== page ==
"If you go out in the woods today,
You'd better not go alone.
It's lovely out in the woods today,
But safer to stay at home. " Teddy Bear's Picnic, J.Kennedy
It's hard to find a healthcare stock where there is such a wide divergence of opinion and range of possible outcomes as with Forest Labs (FRX). Despite an exemplary record of free cash flow production and sales execution, many analysts still cannot find the will to believe that the company can reload after the loss of Lexapro and resume a growth trajectory. While there are in fact good reasons to wonder about the future growth of the company, this is a story where the courageous could come out with sizable capital gains.
Tough Q1 Results
Relative to a very broad range of expectations, Forest Labs did alright this quarter. Sales of Lexapro fell about 80% and actually held up slightly better than expected, though a generic version is available from Teva (TEVA) at a 65% price discount. Namenda sales rose 15% and came in more than 5% below expectation. Bystolic outperformed by a similar percentage, though, as sales rose 38%. The company's newer drugs (Savella, Daliresp, Viibryd) didn't offer too many surprises, though Viibryd was a little stronger than expected.
Profitability was a little iffier, but still more or less in line (though, again, there was a wide range of expectations). Gross margin improved slightly, while operating income plunged as the company continues to spend on SG&A and R&D.
Are Nine Dwarves Better Than Two Snow Whites?
Without a doubt, the biggest question hanging over Forest Labs is whether the company can replace the revenue of Lexapro and Namenda (which goes off patent starting in 2015). While an alternative formulation will preserve some Namenda revenue past 2015, the fact remains that the company has a huge hole to fill.
Instead of taking a big swing and looking to in-license a potential blockbuster, Forest Labs management has instead looked to build a much broader portfolio of drugs. The company has taken to calling these the "Next Nine", and the group includes already-marketed drugs like Bystolic, Viibryd, and Daliresp, along with pipeline candidates aclindinium, linaclotide, and cariprazine.
Unfortunately, the results so far have been mixed. Forest Labs has done a great job with Bystolic - turning what was supposed to be an "also-ran" blood pressure drug into one with more than $500 million in annual sales potential. Likewise, Viibryd seems to be exceeding initially low expectations. On the flip side, early results from Daliresp and Teflaro haven't been as encouraging.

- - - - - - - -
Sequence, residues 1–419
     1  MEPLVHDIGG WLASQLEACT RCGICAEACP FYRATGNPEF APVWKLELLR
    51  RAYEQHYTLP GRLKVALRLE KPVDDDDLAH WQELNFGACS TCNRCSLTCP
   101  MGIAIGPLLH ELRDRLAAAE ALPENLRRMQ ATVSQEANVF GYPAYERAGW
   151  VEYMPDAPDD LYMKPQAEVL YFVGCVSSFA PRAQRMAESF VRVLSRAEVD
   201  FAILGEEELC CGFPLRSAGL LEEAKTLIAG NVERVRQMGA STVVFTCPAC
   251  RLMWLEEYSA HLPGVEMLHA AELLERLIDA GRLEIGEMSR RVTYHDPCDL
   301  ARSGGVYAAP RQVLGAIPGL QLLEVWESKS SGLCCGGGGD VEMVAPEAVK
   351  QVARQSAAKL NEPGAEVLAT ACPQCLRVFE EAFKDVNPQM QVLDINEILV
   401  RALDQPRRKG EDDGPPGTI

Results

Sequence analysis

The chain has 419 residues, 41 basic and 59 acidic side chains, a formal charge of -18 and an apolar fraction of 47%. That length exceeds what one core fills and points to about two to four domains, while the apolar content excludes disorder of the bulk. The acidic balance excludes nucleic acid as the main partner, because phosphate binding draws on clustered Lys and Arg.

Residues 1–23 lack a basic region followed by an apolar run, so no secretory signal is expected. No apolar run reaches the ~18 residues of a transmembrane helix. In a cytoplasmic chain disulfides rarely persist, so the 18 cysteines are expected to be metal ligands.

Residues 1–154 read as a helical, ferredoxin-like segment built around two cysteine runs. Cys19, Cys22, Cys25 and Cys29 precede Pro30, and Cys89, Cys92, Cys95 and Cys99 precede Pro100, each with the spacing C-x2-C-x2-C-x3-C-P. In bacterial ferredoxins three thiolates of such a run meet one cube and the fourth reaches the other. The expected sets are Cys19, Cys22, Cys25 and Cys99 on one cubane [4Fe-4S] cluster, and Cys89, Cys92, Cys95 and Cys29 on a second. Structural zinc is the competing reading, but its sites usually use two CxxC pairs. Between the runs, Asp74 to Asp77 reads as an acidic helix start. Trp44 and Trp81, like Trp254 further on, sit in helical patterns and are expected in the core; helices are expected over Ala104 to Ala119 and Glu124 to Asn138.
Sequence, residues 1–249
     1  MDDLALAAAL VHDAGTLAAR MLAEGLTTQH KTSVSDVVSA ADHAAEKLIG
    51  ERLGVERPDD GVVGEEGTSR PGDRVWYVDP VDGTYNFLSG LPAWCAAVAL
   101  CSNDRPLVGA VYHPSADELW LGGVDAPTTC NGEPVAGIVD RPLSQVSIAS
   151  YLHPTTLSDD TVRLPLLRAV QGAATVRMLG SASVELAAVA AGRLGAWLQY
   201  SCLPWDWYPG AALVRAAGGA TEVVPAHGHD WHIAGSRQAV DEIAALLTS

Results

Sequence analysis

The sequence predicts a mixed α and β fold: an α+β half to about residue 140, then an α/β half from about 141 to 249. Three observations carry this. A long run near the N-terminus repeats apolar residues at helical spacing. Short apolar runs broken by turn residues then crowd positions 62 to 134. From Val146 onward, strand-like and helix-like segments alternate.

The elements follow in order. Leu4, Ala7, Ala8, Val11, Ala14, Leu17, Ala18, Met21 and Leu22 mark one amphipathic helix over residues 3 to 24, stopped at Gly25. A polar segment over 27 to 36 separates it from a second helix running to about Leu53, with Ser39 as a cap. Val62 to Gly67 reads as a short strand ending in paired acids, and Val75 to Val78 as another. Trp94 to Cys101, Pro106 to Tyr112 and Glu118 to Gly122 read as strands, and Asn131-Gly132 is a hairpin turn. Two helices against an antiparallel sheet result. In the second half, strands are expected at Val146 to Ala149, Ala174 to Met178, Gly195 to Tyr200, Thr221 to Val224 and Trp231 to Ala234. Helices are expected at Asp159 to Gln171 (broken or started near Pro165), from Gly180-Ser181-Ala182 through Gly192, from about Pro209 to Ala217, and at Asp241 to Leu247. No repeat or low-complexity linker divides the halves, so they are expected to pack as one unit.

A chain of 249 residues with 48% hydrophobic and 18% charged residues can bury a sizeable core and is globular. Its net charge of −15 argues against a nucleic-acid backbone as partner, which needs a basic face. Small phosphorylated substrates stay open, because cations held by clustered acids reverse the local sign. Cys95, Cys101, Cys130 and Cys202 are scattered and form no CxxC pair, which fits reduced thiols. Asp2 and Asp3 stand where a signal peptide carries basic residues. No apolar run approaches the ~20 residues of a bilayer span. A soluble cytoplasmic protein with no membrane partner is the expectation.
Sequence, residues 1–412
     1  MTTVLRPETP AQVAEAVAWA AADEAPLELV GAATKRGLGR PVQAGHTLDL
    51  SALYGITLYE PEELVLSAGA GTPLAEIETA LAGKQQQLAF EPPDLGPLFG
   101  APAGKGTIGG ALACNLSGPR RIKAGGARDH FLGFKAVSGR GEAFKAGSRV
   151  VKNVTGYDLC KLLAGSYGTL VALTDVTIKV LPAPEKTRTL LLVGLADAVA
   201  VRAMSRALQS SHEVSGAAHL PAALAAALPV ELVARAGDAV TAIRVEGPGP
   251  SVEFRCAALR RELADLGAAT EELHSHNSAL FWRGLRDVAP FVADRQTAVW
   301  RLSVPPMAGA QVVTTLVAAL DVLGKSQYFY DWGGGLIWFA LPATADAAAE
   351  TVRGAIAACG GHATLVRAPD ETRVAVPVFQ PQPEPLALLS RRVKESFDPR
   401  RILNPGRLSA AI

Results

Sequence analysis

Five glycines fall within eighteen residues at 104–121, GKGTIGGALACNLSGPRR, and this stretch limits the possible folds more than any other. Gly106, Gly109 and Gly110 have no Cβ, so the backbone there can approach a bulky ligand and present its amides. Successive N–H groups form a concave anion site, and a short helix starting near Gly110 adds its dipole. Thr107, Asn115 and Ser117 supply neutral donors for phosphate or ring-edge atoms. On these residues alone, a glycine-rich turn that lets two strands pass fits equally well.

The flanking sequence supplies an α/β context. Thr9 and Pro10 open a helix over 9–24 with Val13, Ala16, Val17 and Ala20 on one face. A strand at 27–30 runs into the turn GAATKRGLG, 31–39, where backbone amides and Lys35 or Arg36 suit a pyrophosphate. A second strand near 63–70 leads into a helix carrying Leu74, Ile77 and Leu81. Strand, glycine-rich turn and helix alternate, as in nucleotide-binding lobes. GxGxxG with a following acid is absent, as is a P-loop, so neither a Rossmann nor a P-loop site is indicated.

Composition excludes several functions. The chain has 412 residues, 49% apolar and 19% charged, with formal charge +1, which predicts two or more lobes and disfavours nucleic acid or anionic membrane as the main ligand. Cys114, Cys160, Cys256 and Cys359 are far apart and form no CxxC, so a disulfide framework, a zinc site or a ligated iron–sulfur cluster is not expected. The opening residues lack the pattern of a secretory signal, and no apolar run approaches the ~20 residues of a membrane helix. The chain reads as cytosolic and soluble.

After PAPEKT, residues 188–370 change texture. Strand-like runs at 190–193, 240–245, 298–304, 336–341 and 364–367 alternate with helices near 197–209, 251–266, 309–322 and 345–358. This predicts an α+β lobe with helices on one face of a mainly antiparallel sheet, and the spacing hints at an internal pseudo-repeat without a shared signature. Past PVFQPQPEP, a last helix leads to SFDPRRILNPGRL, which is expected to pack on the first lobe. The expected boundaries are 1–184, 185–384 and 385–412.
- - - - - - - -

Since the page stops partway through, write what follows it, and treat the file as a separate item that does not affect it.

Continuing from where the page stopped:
Of the Next Nine, aclidinium and linaclotide ought to have the most potential. Similar to Spiriva, aclidinium could have sales potential over a half-billion dollars, but skeptics believe generics and competition from GlaxoSmithKline (GSK) and Theravance (THRX) (partnered together on Brevo) could result in sales of half that level. Likewise with linaclotide. The potential market for an effective drug for IBS with constipation should be quite large, but this indication has been a Bermuda Triangle for many companies and Forest could also face competition from Salix's (SLXP) Xifaxan.
The Rather Loud Elephant In The Room
It's all but impossible to talk about Forest Labs without mentioning the sizable stake and recent agitation from famous investor Carl Icahn. Icahn is trying to get four seats of Forest Labs' board, and suffice it to say that CEO Howard Solomon is not encouraging or cooperating with him.
There's a lot of hyperbole when it comes to Icahn, but one of his stated issues - the murky succession plans for CEO Solomon - is very much a legitimate concern. There's rampant speculation that he wishes to hand the reins over to his son Howard, and I can absolutely support the argument that there needs to be a more open discussion (or competition, if you will) throughout the process.
All of that said, Icahn's slate was roundly rejected last year. Moreover, it should be mentioned that Icahn was pushing Amylin Pharmaceuticals (AMLN) to accept a bid from Bristol-Myers (BMY) when the rumored price was just $22 a share; holding out a few months brought Amylin shareholders another $9 per share in value - value that they would have never seen had management blindly followed Icahn. In other words, Icahn is a smart man but he isn't always right.
The Bottom Line
With the large amount of cash on hand the fairly uninspiring sales outlook for much of the Next Nine (four of the nine would probably be lucky to hit $200 million in annual sales), it's a little surprising that the company hasn't been more aggressive in considering deals. AstraZeneca (AZN) and Amgen (AMGN) have both been more active of late, and they arguably don't have the same pressing need for revenue that Forest Labs has.
All of that said, I still believe estimates and confidence are too low here. Forest Labs has a very strong sales infrastructure the business has reliably converted revenue to free cash flow at a rate from the high teens to mid-20's. While I think that future free cash flow margin is likely to be lower, I still think these shares are worth something in the mid-$40s and could hold even more upside for patient (but very risk-tolerant) bulls.